It’s been a somewhat hard-knock life this week in the aftermath of a grant rejection. Rejections aren’t that surprising, or uncommon, but they do knock your ego, even if just a smidge and just for a moment. So I’ve been reflecting on what I wrote in response to a gorgeous friend’s blog (http://www.thatspaceinbetween.com/the-blog/) and how you carry on when all you want to do is throw said [insert rejecting thing here] in the river and walk away from it all. Move to a windswept cottage on an Irish coast with a roaring fire and spend the rest of your days writing. You know, just as a hypothetical.
It’s this strange, naked thing to be a researcher sometimes, and I imagine this nudity is inhabited by anyone who offers their work up for public consumption and acceptance. There’s a vulnerability in offering something up you’ve brought to creative life. And research has always been a creative outlet in a strange way with me – I’m imagining the sighs emanating from my lovely quantitative and scientific colleagues right now, but that’s always how it’s sat with me. Research is about finding something that may not have been found before, or not seen in the same way before. You’re bringing together literature, findings (in whatever form they take), and your way of doing and writing and being. And that’s always felt creative.
And the creative has not always come easily. It’s more often than not – far more often than not – damn hard work. I’ve always loved reading about how other writers write – to know that words that flow so effortlessly on a page were the product of sweat and blood. Sylvia Plath who always had a thesaurus with her as a way to constantly find the most beautiful, perfect fitting words. F Scott Fitzgerald who wrote draft after draft after draft of his novels. There’s something calming in knowing that other writers have stared at a blank page frozen and uncertain…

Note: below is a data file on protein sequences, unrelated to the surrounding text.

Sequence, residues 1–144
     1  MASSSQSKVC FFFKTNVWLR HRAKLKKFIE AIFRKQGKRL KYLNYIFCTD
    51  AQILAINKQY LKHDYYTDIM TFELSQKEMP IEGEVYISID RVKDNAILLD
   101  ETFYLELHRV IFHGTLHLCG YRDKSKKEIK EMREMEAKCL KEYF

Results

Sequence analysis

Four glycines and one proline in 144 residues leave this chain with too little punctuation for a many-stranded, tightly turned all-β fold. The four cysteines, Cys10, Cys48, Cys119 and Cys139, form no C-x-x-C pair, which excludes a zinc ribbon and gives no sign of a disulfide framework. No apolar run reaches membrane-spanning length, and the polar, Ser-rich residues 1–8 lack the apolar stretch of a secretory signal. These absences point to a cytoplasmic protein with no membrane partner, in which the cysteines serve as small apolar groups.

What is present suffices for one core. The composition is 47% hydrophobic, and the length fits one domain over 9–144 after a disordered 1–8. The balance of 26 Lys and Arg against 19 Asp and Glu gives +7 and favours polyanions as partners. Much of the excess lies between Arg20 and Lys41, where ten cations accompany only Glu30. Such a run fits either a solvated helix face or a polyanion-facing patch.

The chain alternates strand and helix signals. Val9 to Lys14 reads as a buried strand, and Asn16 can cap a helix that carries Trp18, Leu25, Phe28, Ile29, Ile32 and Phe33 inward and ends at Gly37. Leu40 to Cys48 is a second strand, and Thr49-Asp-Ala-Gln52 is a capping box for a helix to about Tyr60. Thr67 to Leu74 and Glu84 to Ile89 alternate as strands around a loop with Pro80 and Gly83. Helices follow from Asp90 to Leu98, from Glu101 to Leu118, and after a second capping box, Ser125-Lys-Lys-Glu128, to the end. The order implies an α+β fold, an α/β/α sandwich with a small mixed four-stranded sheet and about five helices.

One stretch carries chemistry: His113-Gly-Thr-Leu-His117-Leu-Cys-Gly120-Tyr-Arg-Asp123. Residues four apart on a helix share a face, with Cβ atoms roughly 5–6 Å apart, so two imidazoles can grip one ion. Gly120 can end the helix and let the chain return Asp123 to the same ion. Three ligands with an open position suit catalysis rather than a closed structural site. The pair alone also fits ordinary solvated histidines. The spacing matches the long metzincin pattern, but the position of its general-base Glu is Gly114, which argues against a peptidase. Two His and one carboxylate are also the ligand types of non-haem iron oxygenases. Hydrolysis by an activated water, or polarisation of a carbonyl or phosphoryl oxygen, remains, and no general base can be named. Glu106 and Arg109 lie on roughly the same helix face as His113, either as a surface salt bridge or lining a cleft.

Maybe that’s why rejection can be so heartbreaking. In my head, criticism is easier to manage as there’s a get-out-of-jail card, there’s a way to fix it. Sometimes, maybe. But rejection just sits there, leaving you without a way out. It’s a hard space to sit peacefully in.
So I have embraced the words of two amazing writers – once again and always – to pick myself up and start again.
The hopeful despair (despairing hope) of Samuel Beckett who wrote: Ever tried. Ever failed. No matter. Try again. Fail again. Fail better.
And Elizabeth Gilbert whose TED talk on the failing makes me feel better in mine: http://www.ted.com/talks/elizabeth_gilbert_success_failure_and_the_drive_to_keep_creating?language=en
My mantras and my songs right now…
How do you find your way back to start again after rejection?